- Released: September 27, 2005
- Label: Reprise / WEA
Uncut - p.985 stars out of 5
- "Deep, warm, fully rounded and with no slack, PRAIRIE WIND is Neil at his best."
Mojo (Publisher) - p.61Ranked #31
in Mojo's "The 50 Best Albums Of 2005" - "Young's twilight masterpiece..."
Mojo (Publisher) - p.973 stars out of 5
- "[With] Young often immersed in reflections on his family relationships....Strong and tremulous. The core of Neil Young's neilyoungness..."
- 1.The Painter
- 2.No Wonder
- 3.Falling Off the Face of the Earth
- 4.Far from Home
- 5.It's a Dream
- 6.Prairie Wind
- 7.Here for You
- 8.This Old Guitar
- 9.He Was the King
- 10.When God Made Me
Personnel: Neil Young (acoustic guitar, electric guitar, harmonica); Grant Boatwright (vocals, acoustic guitar); Curtis Wright, Diana DeWitt, Anthony Crawford , Pegi Young, Gary Pigg (vocals); Ben Keith (slide guitar, dobro); Clinton Gregory (fiddle); Connie Ellisor, Everhard Ramon, Jim Grosjean, Mary Kathryn Van Osdale, Kris Wilkinson, Carl Gorodetzky, Pamela Sixfin, David Davidson , Bob Mason , Alan Umstead, David Angell, Gary VanOsdale, Carole Rabinowitz-Neuen (strings); Wayne Jackson, Tom McGinley (horns); Spooner Oldham (piano, Wurlitzer organ); Rick Rosas (bass guitar); Karl Himmel (drums, percussion); Chad Cromwell (drums).
Additional personnel: Ben Keith (pedal steel guitar); Spooner Oldham (keyboards); Rick Rosas, Karl Himmel, Chad Cromwell.
Audio Mixers: Rob Clark ; Chad Hailey.
Recording information: Master-Link, Nashville, TN.
Photographers: Larry Cragg; L.A. Johnson.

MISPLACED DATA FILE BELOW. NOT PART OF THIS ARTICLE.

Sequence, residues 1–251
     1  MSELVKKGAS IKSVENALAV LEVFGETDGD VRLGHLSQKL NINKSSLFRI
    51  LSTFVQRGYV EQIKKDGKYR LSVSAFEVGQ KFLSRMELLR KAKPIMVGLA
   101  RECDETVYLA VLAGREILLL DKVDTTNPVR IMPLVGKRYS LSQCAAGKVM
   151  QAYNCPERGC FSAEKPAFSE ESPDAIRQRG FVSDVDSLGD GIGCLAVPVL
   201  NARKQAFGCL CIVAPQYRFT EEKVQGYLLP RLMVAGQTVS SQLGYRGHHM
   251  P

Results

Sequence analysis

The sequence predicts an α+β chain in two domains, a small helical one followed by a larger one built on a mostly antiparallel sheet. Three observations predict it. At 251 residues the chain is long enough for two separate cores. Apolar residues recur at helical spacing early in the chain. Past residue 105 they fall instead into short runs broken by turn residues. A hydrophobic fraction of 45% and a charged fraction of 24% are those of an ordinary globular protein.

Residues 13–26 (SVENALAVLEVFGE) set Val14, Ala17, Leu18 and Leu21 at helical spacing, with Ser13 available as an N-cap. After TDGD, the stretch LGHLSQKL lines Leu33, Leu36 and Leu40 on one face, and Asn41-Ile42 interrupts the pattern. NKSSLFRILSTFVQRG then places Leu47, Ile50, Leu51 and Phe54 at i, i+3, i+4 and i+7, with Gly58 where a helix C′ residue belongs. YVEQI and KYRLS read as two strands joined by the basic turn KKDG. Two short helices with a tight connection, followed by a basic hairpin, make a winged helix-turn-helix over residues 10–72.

Neil Young always seems to be making a comeback, but detractors who have diligently panned his releases from the 1990s and 2000s (and sometimes with good reason) will be forced to change their tune with 2005's PRAIRIE WIND. A plaintive, thoughtful, country-rock album that recalls both 1992's HARVEST MOON and 1972's HARVEST, PRAIRIE WIND is Young's strongest, most focused, and most compulsively listenable studio album since 1989's FREEDOM.
The most striking characteristic of the album is its mood, which is heavily nostalgic, melancholy, and, lyrically, full of reflections on memory, loss, and mortality. (The passing of Young's father and his own experience with a brain aneurysm seem likely influences for the tone here). In this way, it comes close to the emotional intensity of early '70s classics like TONIGHT'S THE NIGHT, though perhaps without the edge and ragged beauty of that work. Instead, Young cut the album in Nashville with top-shelf personnel (Spooner Oldham is among the usual suspects), giving PRAIRIE WIND a smooth veneer. Still, there is a great warmth and ease to the sound, and Young turns in some of his finest songs in ages: the simple, heart-rending "It's a Dream," for example. Young has established and shattered enough categories in his time that a return to classic form like this is well-earned, and much appreciated.